Progress in the slow lane – Eastern Europe’s common problems

As someone coming from Eastern Europe, by now it should be obvious for me that not only the countries of the region, but also their capitals and their cities are facing similar – if not exactly the same – problems most of the time. However, for some reason it always surprises me when someone points out particular issues they are dealing with in their own communities. I find myself nodding my head at every point of the speech, for we share these concerns and in some respect we have these types of issues in my city as well.

One such moment was during the first day when Pedja mentioned the increasingly widespread privatization of the house council chairperson profession in Belgrade. A house council, which could and should be the smallest form of democracy, is being ignored by the residents, and is therefore being delegated to private businesses because of conformity and unwillingness to devote time to the council. Pedja also highlighted the city centre moving towards a more service sector based economy, in order to serve the needs of the ever increasing inflow of tourists. This transformation in the character of jobs causes working conditions to worsen, and there is increasingly less job stability for the local people. Moreover, the tourist flow deteriorates the city landscape and architecture, while also leading to higher rents and real estate prices in the inner city because of the use of AirBnB (and some landlords and residents thus preferring to rent out their flats and houses to tourists, from whom they can expect more money, instead of renting it to citizens). Furthermore, his speech emphasized the local governments’ unwillingness to cooperate with residents and their complete disregard for the residents’ well voiced opinions.

Picture taken from

These problems are present in Budapest as well, which made me wonder: What could be the common root causes of these issues, considering that they are especially common in Eastern European cities and capitals? The best explanation I could come up with is that these countries are still experiencing a transitional period following the collapse of the USSR and the Eastern Bloc. They were suddenly and mutually introduced to free market capitalism, which was not preceded by a process of trial and error, i.e. there was not a long, progressive development in the society (as in the UK or Western Germany), and therefore the necessary counterbalance of social solidarity had no time to evolve and grow its roots into the social structure. Furthermore, unbalanced capitalist greed by definition leads to the development of inhumane, inconsiderate societies.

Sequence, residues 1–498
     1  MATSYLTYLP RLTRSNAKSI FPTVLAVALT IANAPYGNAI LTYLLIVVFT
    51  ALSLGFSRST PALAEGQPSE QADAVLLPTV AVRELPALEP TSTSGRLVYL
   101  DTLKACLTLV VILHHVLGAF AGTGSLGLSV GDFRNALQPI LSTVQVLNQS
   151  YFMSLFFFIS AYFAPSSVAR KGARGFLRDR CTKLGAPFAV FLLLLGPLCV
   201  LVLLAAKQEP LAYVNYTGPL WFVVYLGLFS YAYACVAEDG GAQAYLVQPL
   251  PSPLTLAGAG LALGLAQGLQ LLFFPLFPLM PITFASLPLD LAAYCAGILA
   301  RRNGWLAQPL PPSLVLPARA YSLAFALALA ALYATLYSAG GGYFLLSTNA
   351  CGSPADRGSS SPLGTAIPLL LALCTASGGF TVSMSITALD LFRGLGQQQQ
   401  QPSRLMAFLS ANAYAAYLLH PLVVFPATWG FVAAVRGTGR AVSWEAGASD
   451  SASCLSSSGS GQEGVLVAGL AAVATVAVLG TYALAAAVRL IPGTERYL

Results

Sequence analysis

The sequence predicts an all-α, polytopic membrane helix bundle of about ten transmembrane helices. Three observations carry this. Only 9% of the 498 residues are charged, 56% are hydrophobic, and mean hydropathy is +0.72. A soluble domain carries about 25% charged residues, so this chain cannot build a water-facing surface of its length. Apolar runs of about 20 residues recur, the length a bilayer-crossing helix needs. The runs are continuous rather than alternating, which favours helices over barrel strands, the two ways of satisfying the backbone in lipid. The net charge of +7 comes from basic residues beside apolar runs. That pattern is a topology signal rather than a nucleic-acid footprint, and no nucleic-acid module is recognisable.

The needs for these counterbalances are visible, and are slowly in the making.  Nevertheless, it is a question of time for when we will finally reach a social democratic structure that will enjoy the wide support of the population. For me, this was the takeaway of the first day. These are the problems we need to tackle as greens in order to achieve a more considerate society, and the desired future which we are fighting for.

Simon Gergely Császár, participant

Future Can Be Different (Hungarian Young Greens)


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